After many years of personal therapy I still had problems to overcome and I sought out a life coach for a change from supportive and reflective traditional therapy to a less gentle, more direct approach that works well for certain people at certain times. When I came to this coach I didn’t realize what an angry man I was, on the verge of irrevocable bitterness, my wife and daughter tired of my arguing and negativity; my relationship with my parents still fraught with trouble; unhappy in my career and lacking friends. It is a mistake to think that your friends and/or family members will necessarily tell you the bald-faced truth about they feel about you and your behavior in your relationship with them and in your life in general. They often have too much to lose by confronting you and risking your getting angry. And sometimes we don’t listen to those closest to us, feeling they have their own agendas and that’s why they are “criticizing” us. But a life coach is in an objective position and it is his/her job to tell you the truth, even if it offends you or makes you angry. Since we can be blind to our faults, there are times, more often than we’d like to admit perhaps, when it is essential to have someone tell us the truth about ourselves. The coach I chose immediately and strongly challenged me: when I said I loved my wife, he said, “Well you’re not acting like you do.” Along with his confrontation he made suggestions, even gave dictates about what I needed to do to change and as a result my life transformed. This personal experience convinced me of the value of life coaching and I incorporated it into my counseling practice. This is not to discount traditional supportive psychotherapy in any way because it was my previous personal therapy experiences that helped prepare me for the more direct confrontation of coaching.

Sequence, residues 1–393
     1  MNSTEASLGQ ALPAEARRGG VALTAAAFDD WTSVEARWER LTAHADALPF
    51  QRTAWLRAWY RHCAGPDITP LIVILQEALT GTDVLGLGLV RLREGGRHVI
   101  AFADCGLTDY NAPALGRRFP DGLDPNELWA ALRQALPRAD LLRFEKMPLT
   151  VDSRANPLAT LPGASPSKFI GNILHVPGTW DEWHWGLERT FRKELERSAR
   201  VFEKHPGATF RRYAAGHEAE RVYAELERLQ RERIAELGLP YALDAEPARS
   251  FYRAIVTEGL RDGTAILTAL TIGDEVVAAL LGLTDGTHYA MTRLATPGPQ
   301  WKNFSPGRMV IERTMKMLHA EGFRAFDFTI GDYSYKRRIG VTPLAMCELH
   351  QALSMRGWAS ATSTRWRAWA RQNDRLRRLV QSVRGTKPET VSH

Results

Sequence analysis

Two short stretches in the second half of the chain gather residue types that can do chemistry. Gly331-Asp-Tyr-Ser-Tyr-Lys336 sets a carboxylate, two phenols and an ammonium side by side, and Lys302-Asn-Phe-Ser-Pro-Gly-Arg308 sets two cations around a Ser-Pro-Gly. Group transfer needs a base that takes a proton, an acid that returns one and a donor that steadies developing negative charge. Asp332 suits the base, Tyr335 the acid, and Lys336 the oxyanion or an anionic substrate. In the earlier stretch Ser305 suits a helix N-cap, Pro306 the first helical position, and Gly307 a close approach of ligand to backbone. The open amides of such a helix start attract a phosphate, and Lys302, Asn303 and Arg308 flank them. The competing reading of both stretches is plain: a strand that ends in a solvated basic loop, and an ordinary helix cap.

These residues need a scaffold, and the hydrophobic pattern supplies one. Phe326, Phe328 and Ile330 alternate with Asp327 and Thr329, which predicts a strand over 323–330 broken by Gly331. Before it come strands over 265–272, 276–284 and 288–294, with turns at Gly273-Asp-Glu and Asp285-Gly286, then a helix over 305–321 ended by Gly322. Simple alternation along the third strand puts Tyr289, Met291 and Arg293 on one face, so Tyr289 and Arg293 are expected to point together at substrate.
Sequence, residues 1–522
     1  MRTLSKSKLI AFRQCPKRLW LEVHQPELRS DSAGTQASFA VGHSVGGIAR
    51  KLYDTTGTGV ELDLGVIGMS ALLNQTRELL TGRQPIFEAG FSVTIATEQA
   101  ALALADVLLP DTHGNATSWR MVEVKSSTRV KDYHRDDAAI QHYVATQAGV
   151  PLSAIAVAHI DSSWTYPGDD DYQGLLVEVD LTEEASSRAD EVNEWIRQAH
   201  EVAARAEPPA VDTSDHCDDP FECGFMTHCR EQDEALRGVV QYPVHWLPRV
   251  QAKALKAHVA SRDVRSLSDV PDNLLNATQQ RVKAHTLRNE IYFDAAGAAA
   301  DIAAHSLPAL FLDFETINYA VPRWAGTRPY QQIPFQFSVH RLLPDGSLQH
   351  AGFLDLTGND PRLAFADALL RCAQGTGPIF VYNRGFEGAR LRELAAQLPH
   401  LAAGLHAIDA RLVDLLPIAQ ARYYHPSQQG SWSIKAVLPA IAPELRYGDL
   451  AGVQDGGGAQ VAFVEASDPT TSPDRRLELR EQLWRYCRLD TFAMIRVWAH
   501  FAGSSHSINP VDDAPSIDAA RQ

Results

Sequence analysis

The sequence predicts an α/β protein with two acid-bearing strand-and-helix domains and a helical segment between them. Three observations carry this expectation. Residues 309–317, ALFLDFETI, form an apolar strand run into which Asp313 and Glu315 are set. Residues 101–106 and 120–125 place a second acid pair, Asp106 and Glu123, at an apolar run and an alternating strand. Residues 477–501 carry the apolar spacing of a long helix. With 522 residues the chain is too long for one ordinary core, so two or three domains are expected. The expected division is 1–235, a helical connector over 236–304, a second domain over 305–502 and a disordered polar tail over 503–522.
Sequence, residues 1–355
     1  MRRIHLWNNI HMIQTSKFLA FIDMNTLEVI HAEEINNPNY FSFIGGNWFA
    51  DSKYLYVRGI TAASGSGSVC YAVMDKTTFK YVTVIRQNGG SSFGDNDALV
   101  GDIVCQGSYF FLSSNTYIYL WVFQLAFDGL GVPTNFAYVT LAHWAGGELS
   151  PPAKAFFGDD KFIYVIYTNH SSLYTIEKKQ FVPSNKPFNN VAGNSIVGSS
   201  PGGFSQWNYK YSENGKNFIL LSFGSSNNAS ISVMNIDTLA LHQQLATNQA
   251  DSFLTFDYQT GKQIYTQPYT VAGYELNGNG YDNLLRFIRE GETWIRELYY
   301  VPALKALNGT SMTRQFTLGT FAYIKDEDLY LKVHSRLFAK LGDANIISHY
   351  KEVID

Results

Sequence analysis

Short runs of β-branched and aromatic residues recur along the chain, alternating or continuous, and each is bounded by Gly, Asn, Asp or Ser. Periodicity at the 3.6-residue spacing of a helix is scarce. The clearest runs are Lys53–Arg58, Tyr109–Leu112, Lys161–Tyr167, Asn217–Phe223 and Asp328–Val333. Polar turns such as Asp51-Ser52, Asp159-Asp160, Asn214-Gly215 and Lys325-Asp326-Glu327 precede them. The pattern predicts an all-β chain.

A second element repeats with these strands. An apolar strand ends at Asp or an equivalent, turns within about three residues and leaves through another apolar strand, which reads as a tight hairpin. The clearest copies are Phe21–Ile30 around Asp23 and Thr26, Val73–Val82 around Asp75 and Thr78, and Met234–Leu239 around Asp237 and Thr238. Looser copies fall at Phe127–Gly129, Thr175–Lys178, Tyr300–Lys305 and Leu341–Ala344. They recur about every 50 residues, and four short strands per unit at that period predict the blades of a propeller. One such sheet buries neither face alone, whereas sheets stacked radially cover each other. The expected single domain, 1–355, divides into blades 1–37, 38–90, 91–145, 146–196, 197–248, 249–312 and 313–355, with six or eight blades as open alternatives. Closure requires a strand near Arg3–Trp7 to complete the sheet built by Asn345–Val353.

What is unique about your coaching practice?